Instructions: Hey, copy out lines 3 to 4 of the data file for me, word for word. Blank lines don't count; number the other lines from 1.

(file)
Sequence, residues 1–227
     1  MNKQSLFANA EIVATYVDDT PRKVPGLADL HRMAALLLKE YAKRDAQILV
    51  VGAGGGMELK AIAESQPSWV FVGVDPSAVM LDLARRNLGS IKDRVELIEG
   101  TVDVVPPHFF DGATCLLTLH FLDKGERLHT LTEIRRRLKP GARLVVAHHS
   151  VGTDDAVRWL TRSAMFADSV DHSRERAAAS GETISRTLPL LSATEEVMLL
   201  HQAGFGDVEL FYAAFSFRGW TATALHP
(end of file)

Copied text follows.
    51  VGAGGGMELK AIAESQPSWV FVGVDPSAVM LDLARRNLGS IKDRVELIEG
   101  TVDVVPPHFF DGATCLLTLH FLDKGERLHT LTEIRRRLKP GARLVVAHHS